“Where is the chair of the Test and Trace programme?” she said in the Commons.

In a statement, Harding said that two new commercially-run “Lighthouse Labs” would be set up in Newcastle and Bracknell to help scale up testing capacity ahead of winter.

“We are working tirelessly to boost testing capacity so that everyone who needs a test can get one,” she said.

“Each day, around 200,000 people are successfully booking and taking tests and we are growing our capacity to 500,000 tests across the UK by the end of October, with more and more capacity being added each week.”

Shadow health secretary Jonathan Ashworth said that it was time to expand the 44 NHS-run labs, which have a better record in hitting turnaround times.

“At what point will he step in and strip poor performing outsourcing firms of their lucrative public sector contracts?” he asked health secretary Matt Hancock.

Hancock defended the policy of using both private and public sector suppliers, and pointed to the big expansion in capacity that was powered as a result since earlier in the year.

The DHSC said that the new Lighthouse Labs follow the previous announcements of others in Newport and Charnwood, which will scale testing capacity to help deliver 500,000 tests per day by the end of October.

The four new labs come on top of ongoing work to build capacity at existing Lighthouse and partner lab facilities.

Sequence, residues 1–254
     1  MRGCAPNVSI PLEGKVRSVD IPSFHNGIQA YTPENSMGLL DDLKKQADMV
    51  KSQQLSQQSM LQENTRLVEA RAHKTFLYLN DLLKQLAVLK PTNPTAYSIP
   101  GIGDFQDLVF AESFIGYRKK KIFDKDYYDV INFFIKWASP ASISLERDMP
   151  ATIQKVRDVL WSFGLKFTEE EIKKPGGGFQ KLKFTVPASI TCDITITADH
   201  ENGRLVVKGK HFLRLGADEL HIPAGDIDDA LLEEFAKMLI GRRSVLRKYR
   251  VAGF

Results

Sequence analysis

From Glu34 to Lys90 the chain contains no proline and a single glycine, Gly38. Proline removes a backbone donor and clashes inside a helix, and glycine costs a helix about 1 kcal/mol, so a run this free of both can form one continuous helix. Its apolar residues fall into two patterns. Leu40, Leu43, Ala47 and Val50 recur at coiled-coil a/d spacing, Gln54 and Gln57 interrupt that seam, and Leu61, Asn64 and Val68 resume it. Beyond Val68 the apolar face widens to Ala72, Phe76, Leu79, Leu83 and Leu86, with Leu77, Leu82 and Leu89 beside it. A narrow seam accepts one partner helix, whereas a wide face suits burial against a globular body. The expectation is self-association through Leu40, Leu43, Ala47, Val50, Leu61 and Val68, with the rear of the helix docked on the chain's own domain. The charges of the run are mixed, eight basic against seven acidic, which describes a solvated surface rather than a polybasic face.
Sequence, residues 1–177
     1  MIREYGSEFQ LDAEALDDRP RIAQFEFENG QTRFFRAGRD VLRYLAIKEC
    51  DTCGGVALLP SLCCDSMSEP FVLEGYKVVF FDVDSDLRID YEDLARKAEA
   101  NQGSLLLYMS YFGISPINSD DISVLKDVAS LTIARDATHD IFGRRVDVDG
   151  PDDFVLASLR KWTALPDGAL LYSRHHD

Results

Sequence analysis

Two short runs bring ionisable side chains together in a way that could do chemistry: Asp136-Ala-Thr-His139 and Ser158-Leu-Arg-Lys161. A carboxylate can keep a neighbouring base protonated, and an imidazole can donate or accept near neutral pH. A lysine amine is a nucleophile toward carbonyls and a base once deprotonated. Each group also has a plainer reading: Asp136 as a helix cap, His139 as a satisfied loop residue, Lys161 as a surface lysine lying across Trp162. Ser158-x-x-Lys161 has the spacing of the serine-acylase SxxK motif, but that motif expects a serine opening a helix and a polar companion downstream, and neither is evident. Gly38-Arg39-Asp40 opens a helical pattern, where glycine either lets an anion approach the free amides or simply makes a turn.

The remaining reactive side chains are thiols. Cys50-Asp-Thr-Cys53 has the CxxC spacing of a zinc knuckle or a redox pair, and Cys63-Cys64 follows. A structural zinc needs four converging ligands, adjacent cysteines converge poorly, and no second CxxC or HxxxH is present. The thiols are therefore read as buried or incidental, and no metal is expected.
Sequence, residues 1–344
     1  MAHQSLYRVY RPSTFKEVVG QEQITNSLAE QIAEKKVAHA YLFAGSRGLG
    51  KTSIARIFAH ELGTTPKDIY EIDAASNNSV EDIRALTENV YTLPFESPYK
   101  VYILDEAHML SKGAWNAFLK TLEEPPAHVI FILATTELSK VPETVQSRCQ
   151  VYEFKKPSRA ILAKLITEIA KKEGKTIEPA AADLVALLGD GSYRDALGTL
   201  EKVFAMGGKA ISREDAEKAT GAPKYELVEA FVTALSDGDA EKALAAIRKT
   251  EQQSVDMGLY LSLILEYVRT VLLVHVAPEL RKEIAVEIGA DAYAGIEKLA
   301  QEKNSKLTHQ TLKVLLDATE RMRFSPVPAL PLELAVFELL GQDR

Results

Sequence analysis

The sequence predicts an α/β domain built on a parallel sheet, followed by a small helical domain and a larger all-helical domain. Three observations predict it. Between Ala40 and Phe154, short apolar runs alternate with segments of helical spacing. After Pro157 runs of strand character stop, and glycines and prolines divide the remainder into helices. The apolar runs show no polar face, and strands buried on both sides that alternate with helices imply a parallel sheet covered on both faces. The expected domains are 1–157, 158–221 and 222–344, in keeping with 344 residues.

“Measures taken include recruitment of hundreds of additional staff and new technology to boost the number of tests processed. Surge laboratories will continue to maximise testing as demand rises,” it said.

“A further 20 new testing sites are opening across the country this week, increasing the number of local booking slots available throughout England.”

Responding to the figures, Dr Layla McCay, director at the NHS Confederation, said the spread of Covid-19 was not being controlled.

“It appears we are now in a position where the spread of the virus is no longer being adequately controlled, with new cases nearly tripling compared with the end of August.

“This is especially alarming at a time when winter is almost upon us, and access to testing has become a major problem, including for frontline staff...which could jeopardise the ability to restore services and keep up with Covid-19 treatment.”

The percentage of “close contacts” reached improved slightly, from 69.2% to 73.9%. But it remains short of the 80% figure experts say is needed to make the system viable.

The PM’s independent scientific advisers have repeatedly warned that stopping the spread of the disease requires more than 80% of “close contacts” of people with Covid reached by the system to be identified and then told to self-isolate.

But figures for the latest weekly update show that just 73.9% of those “close contacts” – defined as being within two metres of a Covid carrier for more than 15 minutes – are actually being reached.

Last week, the prime minister pinned his hopes for a return to normality in the UK on a “moonshot” plan to get millions of instant tests to the public for daily updates on their Covid status.

Under his proposal, which has been met with heavy scepticism by even his chief scientific adviser, those who test negative would then be free to go to work, the theatre or sports events.

With the public facing lengthy delays and an acute shortage of local testing availability, critics have suggested the government focuses its time and money instead on improving NHS Test and Trace.

This is a breaking news story and will be updated. Follow HuffPost UK on Twitter, Facebook and Instagram.